Lasiopetalum Sm.
Trans.Linn.Soc.London,Bot. 4:216 (1798)

Name Status: Current
Browse to the list of specimens for Lasiopetalum Sm.

Scientific Description
B. Richardson, Thursday 8 September 2016

Family Sterculiaceae.

(Subfamily Byttnerioideae), Tribe Lasiopetalae.

Habit and leaf form. Shrubs; non-laticiferous and without coloured juice. ‘Normal’ plants. Leaves well developed. Plants with roots; non-succulent. Leaves cauline. To 0.25–1.5 m high. Self supporting. Mesophytic. Not heterophyllous. Leaves small, or medium-sized; alternate (commonly), or opposite (L. oppositifolium); with blades; petiolate. Petioles wingless. Leaves with ‘normal’ orientation; simple; not peltate. Leaf blades neither inverted nor twisted through 90 degrees; dorsiventral; entire, or dissected; flat; ovate, or linear; pinnately veined; cross-venulate; cordate. Mature leaf blades adaxially glabrous (or nearly so), or pubescent (‘sparsely stellate-hairy’); abaxially pubescent (‘closely stellate hairy’), or glabrous (or nearly so). Leaves without stipules. Leaf blade margins entire; revolute. Leaf anatomy. Hairs present; complex hairs present. Complex hairs stellate.

Reproductive type, pollination. Fertile flowers hermaphrodite. Unisexual flowers absent. Plants hermaphrodite. Plants homostylous.

Inflorescence and flower features. Flowers aggregated in ‘inflorescences’; not crowded at the stem bases. Inflorescence many-flowered, or few-flowered. Flowers in cymes. Inflorescences simple; leaf-opposed. Flowers pedicellate; bracteolate (up to 3 present, sometimes small, though longer than the calyx in L. oppositifolium); small; regular; not resupinate; neither papilionaceous or pseudo-papilionaceous; 5 merous; cyclic; tetracyclic, or tricyclic. Perianth with distinct calyx and corolla; 10, or 5 (rarely); 2 -whorled, or 1 -whorled (rarely); isomerous. Calyx present; 5; 1 -whorled; gamosepalous; lobed. Calyx lobes markedly longer than the tube. Calyx spreading; hairy (, densely stellate-hairy and/or with simple glandular hairs on the outer surface, the upper surface with appressed or sparse stellate hairs to almost glabrous), or glabrous (on upper surface); exceeding the corolla; regular; neither appendaged nor spurred; pink, or purple. Calyx lobes ovate (to narrowly or very narrowly so). Corolla vestigial (‘scale-like’), or absent; 5; 1 -whorled; not appendiculate; polypetalous; regular. Petals small and scale-like. Androecium present. Fertile stamens present. Androecial members definite in number. Androecium 5. Androecial members free of the perianth; free of the gynoecium; all equal; free of one another; 1 -whorled. Androecium exclusively of fertile stamens. Stamens 5; all more or less similar in shape; isomerous with the perianth; filantherous. Anthers separate from one another; all alike; dehiscing via pores, or dehiscing via short slits (, pores or slits ‘terminal or inwardly oblique’); bilocular. Fertile gynoecium present. Gynoecium 3(–5) carpelled. The pistil 3(–5) celled. Carpels reduced in number relative to the perianth, or isomerous with the perianth (rarely). Gynoecium syncarpous; eu-syncarpous; superior. Ovary plurilocular; 3(–5) locular. Gynoecium stylate. Styles 1; simple (‘filiform’); apical; hairy (with large reflexed stellate hairs). Placentation axile.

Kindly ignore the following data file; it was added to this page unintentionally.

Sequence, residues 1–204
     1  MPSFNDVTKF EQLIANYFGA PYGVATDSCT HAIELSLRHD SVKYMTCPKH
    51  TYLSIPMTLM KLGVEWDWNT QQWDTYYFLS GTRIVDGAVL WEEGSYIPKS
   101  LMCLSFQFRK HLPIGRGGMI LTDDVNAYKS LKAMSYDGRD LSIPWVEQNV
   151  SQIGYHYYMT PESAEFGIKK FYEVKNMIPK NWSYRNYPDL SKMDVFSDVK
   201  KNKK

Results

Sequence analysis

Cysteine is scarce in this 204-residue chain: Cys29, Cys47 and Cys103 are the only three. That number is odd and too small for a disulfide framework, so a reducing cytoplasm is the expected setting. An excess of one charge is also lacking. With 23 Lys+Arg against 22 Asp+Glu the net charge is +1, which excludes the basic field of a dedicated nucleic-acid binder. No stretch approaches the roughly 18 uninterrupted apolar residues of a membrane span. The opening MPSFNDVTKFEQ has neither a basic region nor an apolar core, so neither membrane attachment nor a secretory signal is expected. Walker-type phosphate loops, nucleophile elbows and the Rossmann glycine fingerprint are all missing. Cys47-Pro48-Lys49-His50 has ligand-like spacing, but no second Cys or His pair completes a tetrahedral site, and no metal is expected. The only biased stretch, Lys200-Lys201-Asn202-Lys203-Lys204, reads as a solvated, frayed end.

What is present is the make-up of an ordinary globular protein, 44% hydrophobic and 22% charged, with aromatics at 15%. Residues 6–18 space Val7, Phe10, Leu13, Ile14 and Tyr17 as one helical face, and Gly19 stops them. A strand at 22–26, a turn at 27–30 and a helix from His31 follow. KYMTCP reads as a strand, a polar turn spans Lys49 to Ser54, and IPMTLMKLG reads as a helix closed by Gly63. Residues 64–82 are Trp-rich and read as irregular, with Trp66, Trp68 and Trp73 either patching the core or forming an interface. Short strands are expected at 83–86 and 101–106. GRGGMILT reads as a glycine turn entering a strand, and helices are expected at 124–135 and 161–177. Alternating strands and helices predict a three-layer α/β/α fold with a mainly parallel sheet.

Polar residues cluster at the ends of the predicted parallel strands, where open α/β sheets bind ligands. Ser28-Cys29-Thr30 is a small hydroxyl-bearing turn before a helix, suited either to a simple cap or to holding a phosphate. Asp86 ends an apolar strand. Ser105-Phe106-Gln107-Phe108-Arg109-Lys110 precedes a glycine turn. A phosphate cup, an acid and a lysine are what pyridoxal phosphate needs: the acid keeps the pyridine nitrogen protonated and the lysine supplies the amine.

Fruit and seed features. Fruit dehiscent; a capsule. Capsules valvular. Dispersal unit the seed. Fruit 3–5 seeded (‘usually 1 seed per cell’).

Geography, cytology, number of species. Native of Australia. Endemic to Australia. Australian states and territories: Western Australia, South Australia, Northern Territory, Queensland, New South Wales, Victoria, and Tasmania. South-West Botanical Province. A genus of ca 35 species; ca 24 species in Western Australia; 8 endemic to Western Australia.

Additional comments. Named from the Greek lasios, hairy, shaggy; petalon, leaf or petal; alluding to the hairy calyx. Information on the location and number of extant species is outdated.

Taxonomic Literature

  • Bennett, Eleanor M.; Shepherd, Kelly A. (2007). Lasiopetalum ferraricollinum (Malvaceae s. lat.: Lasiopetaleae), a new species from the ironstone hills near Forrestania, Western Australia.
  • Wheeler, Judy; Marchant, Neville; Lewington, Margaret; Graham, Lorraine (2002). Flora of the south west, Bunbury, Augusta, Denmark. Volume 2, dicotyledons. Australian Biological Resources Study. Canberra.
  • Grieve, B. J.; Blackall, W. E. (1998). How to know Western Australian wildflowers : a key to the flora of the extratropical regions of Western Australia. Part II, Dicotyledons (Amaranthaceae to Lythraceae). University of W.A. Press. Nedlands, W.A.
  • Marchant, N. G.; Wheeler, J. R.; Rye, B. L.; Bennett, E. M.; Lander, N. S.; Macfarlane, T. D.; Western Australian Herbarium (1987). Flora of the Perth region. Part one. Western Australian Herbarium. Perth.